where h_{¥} represents the convection heat transfer coefficient between the cornea and ambient environment (W/m^{2} ˚C), T_{¥} is the ambient room temperature (˚C), σ is the Stefan Boltzmann constant (5.67 × 10^{−8} W/m^{2}˚C^{4}), ε is the emissivity of the cornea, and E is evaporative heat loss (W/m^{2}).

The nonlinear radiation term in the boundary condition (3) is treated by using simple iterative procedure as follows:

where,

where are temperature sequences for and represents an initial guess of temperature.

The iteration is completed when the convergent condition is satisfied:

where is iteration tolerance.

The inner body core temperature T_{b} is assumed to be 37˚C. Therefore, the initial boundary condition is

The partial differential Equation (1) together with boundary conditions (2) and (5) in one dimensional variational form is:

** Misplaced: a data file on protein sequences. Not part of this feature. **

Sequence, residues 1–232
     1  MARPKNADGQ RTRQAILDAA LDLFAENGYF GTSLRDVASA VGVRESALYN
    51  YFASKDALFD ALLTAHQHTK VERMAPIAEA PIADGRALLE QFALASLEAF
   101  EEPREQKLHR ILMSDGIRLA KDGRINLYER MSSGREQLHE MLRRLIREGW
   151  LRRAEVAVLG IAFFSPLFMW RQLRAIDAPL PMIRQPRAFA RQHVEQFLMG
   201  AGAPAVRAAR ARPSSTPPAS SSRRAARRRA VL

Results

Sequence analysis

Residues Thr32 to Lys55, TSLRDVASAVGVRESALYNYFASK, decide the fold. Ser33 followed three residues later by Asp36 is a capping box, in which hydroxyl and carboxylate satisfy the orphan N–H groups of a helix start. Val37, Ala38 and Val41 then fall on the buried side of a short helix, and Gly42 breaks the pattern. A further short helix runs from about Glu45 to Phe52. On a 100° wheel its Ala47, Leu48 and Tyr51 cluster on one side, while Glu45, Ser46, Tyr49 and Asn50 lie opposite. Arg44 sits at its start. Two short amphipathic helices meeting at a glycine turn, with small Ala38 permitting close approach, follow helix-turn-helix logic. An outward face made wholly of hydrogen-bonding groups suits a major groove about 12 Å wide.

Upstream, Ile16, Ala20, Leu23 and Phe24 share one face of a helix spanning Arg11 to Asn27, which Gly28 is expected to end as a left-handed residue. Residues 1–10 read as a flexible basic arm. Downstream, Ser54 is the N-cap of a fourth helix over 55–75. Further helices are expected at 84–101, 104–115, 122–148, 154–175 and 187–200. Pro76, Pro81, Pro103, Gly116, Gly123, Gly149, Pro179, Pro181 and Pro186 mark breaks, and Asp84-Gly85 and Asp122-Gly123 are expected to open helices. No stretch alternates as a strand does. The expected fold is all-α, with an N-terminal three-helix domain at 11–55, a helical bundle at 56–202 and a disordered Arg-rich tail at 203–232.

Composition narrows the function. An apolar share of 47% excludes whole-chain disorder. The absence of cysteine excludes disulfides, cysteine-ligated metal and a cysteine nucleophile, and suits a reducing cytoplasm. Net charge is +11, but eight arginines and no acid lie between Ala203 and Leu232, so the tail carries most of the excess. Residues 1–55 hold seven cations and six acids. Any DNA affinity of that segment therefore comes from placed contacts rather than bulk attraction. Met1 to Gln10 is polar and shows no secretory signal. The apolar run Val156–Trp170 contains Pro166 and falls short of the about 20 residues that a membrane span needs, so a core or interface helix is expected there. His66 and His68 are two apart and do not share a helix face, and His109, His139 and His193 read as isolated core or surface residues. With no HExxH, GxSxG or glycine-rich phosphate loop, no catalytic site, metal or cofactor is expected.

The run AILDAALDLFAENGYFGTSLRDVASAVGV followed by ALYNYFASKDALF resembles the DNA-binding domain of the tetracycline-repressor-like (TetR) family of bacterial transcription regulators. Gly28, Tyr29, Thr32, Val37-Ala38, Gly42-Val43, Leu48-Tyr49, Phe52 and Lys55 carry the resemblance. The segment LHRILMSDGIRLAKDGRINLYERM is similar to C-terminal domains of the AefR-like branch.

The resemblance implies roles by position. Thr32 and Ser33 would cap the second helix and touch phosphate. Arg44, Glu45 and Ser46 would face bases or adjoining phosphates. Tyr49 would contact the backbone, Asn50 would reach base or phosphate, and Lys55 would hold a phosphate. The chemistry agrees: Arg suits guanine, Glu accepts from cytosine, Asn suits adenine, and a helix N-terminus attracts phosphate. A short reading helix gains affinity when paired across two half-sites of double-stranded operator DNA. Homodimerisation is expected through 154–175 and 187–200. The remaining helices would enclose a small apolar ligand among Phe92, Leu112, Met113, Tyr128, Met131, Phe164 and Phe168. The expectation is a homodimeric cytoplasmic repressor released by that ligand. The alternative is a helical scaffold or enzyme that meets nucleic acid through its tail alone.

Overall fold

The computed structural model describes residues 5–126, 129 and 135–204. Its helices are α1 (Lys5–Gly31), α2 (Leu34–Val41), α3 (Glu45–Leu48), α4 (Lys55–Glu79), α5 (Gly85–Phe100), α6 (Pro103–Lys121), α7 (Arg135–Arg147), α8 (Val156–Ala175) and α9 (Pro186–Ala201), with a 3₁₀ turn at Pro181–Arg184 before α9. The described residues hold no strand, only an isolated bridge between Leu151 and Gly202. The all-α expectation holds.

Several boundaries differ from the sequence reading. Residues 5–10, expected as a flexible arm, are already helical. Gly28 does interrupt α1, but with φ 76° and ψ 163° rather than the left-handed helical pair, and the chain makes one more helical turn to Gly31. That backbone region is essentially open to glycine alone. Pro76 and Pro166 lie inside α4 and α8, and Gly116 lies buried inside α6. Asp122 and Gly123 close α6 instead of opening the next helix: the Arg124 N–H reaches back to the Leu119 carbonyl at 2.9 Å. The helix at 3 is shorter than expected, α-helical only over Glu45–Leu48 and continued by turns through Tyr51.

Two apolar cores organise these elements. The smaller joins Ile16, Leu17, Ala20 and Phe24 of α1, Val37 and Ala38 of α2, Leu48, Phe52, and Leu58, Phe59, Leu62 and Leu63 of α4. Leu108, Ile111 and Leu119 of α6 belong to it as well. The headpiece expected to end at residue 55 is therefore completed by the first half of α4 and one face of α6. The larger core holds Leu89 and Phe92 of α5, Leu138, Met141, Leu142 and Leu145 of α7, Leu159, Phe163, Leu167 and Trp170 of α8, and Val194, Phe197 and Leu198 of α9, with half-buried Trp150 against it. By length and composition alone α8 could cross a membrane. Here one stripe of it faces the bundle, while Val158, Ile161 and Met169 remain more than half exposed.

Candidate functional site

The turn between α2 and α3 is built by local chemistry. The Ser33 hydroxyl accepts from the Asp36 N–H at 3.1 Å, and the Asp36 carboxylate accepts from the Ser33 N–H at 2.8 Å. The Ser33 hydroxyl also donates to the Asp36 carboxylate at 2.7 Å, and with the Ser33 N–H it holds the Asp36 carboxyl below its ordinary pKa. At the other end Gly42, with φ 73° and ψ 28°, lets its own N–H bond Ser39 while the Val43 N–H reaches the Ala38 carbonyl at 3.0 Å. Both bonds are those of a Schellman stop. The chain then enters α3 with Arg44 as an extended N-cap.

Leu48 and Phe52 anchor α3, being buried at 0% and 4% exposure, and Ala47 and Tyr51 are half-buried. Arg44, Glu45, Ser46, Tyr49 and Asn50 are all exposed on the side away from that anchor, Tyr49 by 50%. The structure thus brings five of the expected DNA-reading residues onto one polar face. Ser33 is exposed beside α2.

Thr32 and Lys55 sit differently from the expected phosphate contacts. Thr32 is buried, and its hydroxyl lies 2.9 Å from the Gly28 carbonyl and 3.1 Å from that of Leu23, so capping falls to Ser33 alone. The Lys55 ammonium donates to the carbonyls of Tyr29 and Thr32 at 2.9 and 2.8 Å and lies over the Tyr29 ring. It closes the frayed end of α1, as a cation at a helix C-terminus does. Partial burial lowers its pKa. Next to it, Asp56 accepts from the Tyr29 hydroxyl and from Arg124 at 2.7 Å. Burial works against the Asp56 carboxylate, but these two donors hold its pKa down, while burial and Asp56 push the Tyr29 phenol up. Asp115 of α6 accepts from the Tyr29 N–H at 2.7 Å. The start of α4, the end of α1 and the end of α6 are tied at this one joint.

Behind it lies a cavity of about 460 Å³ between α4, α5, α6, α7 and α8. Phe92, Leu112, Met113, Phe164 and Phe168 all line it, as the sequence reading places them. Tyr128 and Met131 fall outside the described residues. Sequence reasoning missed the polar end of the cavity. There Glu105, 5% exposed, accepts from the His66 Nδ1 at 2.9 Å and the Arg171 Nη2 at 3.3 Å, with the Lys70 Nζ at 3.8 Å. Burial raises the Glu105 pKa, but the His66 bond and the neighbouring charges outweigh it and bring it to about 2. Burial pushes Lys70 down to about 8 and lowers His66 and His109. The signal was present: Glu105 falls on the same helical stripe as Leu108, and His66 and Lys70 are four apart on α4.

We write I separately for the six layers in the following equation:

Further, to optimize I, we differentiate I partially with respect to T_{i} and equating to zero, we get,

The system of Equations (11) can be written in matrix form

where, and are vectors and [C] and [K] are matrices called capacity and conductivity matrices respectively.

Now we apply Crank-Nicolson method to solve the system (12) with respect to time, we get the following relation

where is time interval.

The temperature increases from outer surface of cornea towards eye core when ambient temperature is less than 37˚C and vice versa. Hence, we consider the temperature increases/decreases in linear order towards body core with regard to thickness. For initial nodal temperatures at time, we assume the following initial condition

where 20˚C and constant to be determined. The Equation (13) is repeatedly solved to get the required nodal temperatures.